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Water: Reprieve, but no resolution

By Curt Guyette
Special to the Michigan Citizen

After at least 17 people were arrested in two separate protests where activists attempted to block crews from going out into Detroit neighborhoods to shut off water to homes…

After more than 1,000 people marched down Woodward Avenue chanting “Water is a human right. Fight, fight, fight!”…

After the United Nations condemned the city for cutting off water to more than 17,000 homes since March…

After the American Civil Liberties Union of Michigan (where I work) and the NAACP Legal Defense Fund sent a letter to city officials urging an “immediate moratorium on shutoffs while a fair, humane and meaningful review process can be evaluated and implemented to help indigent residents.”…

After U.S. Bankruptcy Court Steven Rhodes told the Detroit Water and Sewerage Department that it was generating too much negative publicity and wanted to know what they were going to do about it…

After all that and more, the department decided to halt the shutoffs.

For 15 days.

“We need time to make sure our aggressive communications efforts reach customers,” Darryl Latimer, the department’s deputy director, told Rhodes on Monday morning.

“It is a victory on our part, if it is real,” said activist Patrick Driscoll as he stood outside the federal courthouse.

The victory, though, is a temporary one at best.

“What we need is a real affordability plan,” Driscoll said.

Driscoll was among ten people arrested July 10 as they attempted to block crews from leaving the Homrich Wrecking site, on the city’s east side, from leaving for their day’s work. He and the others were charged with disorderly conduct and quickly released from custody.

Darryl Latimer

Darryl Latimer

No mention of pursuing such a plan was made when Latimer outlined the department’s immediate plans to Rhodes.

Instead, the department is going to “aggressively” alert the people of Detroit that help is available if they are having trouble paying their bills.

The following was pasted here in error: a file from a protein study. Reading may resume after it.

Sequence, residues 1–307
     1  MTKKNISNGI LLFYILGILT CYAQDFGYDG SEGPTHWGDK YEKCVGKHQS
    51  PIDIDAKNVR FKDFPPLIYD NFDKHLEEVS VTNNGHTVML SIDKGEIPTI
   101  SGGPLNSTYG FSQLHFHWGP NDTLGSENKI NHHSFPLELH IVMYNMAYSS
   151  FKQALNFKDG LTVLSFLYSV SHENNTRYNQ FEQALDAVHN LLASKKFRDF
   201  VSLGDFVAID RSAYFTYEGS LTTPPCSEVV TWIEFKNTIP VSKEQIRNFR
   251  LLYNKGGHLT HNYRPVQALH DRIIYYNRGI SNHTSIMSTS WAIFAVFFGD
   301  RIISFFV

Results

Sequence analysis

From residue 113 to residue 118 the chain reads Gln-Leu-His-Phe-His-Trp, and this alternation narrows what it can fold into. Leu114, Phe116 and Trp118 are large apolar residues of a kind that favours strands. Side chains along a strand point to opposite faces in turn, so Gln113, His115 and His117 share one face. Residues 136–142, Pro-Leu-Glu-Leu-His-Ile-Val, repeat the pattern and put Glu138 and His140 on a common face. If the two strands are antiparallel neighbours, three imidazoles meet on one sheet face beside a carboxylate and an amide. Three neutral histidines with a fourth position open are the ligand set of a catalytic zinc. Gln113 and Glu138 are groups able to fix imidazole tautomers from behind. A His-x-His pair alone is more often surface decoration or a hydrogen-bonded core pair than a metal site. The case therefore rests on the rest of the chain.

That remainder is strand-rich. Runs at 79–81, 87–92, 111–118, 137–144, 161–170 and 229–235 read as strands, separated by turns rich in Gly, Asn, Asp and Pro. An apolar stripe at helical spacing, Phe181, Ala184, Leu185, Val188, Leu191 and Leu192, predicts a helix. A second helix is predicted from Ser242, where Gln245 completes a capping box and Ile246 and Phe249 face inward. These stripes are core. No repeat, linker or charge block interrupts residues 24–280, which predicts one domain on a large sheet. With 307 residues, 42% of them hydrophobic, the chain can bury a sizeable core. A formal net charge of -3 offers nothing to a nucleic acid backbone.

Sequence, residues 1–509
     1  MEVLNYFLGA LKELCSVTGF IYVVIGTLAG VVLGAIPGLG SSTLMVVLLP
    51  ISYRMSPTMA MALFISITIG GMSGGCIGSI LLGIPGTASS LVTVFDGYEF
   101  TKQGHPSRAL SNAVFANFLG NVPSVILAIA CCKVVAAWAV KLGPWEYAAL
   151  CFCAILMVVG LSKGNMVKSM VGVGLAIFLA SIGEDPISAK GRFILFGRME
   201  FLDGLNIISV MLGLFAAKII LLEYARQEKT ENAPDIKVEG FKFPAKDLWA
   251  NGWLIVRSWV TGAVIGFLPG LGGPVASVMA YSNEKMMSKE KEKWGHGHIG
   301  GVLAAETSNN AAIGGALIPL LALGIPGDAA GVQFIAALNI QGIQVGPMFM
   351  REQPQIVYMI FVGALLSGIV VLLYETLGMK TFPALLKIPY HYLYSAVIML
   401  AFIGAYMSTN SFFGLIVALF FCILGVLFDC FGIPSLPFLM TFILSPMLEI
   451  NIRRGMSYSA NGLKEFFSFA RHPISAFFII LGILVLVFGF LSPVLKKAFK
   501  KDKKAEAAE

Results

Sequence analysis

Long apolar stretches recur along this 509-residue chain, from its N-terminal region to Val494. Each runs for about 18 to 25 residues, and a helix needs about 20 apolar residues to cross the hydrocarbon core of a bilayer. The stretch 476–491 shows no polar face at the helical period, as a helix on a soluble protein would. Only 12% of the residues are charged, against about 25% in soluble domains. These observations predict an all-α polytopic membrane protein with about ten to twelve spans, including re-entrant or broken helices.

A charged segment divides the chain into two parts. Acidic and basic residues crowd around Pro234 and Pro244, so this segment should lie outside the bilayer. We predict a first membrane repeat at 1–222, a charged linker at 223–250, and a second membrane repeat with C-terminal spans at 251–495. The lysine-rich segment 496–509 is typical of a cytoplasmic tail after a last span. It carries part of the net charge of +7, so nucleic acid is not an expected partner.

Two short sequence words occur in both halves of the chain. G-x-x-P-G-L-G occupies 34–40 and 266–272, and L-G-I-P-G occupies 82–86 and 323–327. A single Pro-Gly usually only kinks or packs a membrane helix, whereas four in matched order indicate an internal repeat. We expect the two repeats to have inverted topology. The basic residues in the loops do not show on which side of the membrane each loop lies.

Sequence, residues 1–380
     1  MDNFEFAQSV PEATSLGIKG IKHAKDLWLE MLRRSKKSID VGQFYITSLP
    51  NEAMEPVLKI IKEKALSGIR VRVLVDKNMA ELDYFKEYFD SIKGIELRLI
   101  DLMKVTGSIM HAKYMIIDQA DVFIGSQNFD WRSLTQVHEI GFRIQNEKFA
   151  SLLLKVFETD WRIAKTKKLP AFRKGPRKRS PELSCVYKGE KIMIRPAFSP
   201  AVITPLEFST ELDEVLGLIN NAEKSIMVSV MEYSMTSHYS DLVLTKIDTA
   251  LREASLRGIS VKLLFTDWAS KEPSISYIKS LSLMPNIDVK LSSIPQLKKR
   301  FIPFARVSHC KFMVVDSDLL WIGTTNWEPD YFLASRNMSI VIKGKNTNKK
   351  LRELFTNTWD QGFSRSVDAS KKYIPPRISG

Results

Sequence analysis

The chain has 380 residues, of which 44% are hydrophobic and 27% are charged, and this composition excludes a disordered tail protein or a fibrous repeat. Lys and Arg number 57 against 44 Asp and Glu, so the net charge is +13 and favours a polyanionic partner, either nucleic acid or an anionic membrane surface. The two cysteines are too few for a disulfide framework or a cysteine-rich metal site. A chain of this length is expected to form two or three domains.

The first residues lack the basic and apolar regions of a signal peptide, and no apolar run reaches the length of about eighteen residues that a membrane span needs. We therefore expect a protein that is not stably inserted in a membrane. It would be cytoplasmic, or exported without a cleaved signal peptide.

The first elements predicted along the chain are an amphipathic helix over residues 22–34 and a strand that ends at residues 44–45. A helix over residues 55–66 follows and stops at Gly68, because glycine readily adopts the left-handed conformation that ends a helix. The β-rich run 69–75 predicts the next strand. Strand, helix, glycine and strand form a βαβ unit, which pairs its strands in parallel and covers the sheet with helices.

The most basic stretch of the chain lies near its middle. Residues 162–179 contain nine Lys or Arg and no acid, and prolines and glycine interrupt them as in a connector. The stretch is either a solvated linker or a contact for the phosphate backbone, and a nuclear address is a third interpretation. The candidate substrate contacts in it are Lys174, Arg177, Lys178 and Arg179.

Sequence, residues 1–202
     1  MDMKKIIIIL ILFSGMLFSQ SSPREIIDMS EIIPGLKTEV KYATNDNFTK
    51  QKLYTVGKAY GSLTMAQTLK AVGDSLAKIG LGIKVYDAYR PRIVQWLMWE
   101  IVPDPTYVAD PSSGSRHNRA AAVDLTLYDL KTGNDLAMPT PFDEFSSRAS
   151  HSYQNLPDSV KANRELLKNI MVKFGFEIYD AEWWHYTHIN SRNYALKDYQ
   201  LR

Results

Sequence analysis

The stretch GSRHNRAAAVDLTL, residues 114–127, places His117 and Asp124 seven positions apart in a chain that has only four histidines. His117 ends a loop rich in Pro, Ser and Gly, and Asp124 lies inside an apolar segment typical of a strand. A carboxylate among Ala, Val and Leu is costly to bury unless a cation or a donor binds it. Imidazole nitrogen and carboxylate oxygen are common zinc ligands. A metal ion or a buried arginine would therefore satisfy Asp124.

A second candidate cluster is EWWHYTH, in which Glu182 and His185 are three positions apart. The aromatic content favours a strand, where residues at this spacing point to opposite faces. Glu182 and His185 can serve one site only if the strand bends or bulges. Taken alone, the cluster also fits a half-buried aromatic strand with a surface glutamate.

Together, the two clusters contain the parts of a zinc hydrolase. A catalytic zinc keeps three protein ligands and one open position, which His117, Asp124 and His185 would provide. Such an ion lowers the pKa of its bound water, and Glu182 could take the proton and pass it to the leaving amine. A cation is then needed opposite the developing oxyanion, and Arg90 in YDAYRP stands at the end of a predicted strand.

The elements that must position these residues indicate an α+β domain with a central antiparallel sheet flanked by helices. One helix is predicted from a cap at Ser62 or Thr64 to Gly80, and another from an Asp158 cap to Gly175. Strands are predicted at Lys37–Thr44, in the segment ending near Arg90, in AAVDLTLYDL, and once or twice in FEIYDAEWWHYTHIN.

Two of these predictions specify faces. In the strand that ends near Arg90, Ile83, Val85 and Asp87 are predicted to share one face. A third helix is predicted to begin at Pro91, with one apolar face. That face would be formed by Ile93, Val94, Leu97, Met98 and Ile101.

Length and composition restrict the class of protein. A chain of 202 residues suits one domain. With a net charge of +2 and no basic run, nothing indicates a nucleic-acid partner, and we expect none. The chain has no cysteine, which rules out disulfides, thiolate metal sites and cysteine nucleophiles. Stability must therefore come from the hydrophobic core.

There is a fund with $1 million available, according to the department. And there is, according to the most recent published reports, about $90 million in outstanding bills to be collected.

You do the math.

The protests and civil disobedience and international condemnations have been enough to prompt department officials to offer a reprieve, but not devise a solution.

The department claims there is a lot of misinformation being spread.

“In May, for example, DWSD sent out 46,000 shut off notices. Of those, only 4,531 customers — less than 10 percent of the total — had their water service shut off for any period of time. Within 24 hours, 60 percent of the affected customers paid their accounts in full and had their service immediately restored. Forty percent of the remaining customers had their service restored within 48 hours.”

That’s according to a press release issued in late June.

Based on those numbers, more than 75 percent of the homes that had service disconnected in May were getting water again within 48 hours. However, based on data the department provided me last week, of the 4,531 homes that had water cut off in May, just 2,324 had their water turned on — not within 24 or 48 hours, but at all.

That works out to slightly more than 50 percent. And even though it has been widely reported that the turn-on rate tops 60 percent, from March through June — according to the department’s own data — only about 48 percent of those who’ve lost water service have been able to come up with the money to have it restored.

So, who’s spreading the myths?

Here’s what not a myth: Fewer than 700,000 people live in a city that once held nearly 2 million. Nearly 40 percent of the people who remain here live below the poverty line. Detroit’s official unemployment rate, at 14.5 percent, is twice the state’s average. Water rates have increased by almost 120 percent in the past decade.

Cities such as Washington, D.C., and Cleveland have devised ways to make sure poor people have access to water they can afford.

What is it going to take to have the same thing happen in Detroit?

On July 21, along with listening to Latimer describe the department’s “aggressive” outreach plans for the next few weeks, Judge Rhodes also received a class-action complaint filed on behalf of residents and a variety of organizations.

The big-picture purpose of the legal action is to obtain a court order requiring the department to “implement a water affordability plan with income-based payments” for the people of Detroit.

That is what a resolution to this problem looks like.

Curt Guyette is an investigative reporter for the ACLU of Michigan. His work, which focuses on Michigan’s emergency management law and open government, is funded by a grant from the Ford Foundation. You can find more of his reporting at Contact him at 313.578.6834 or

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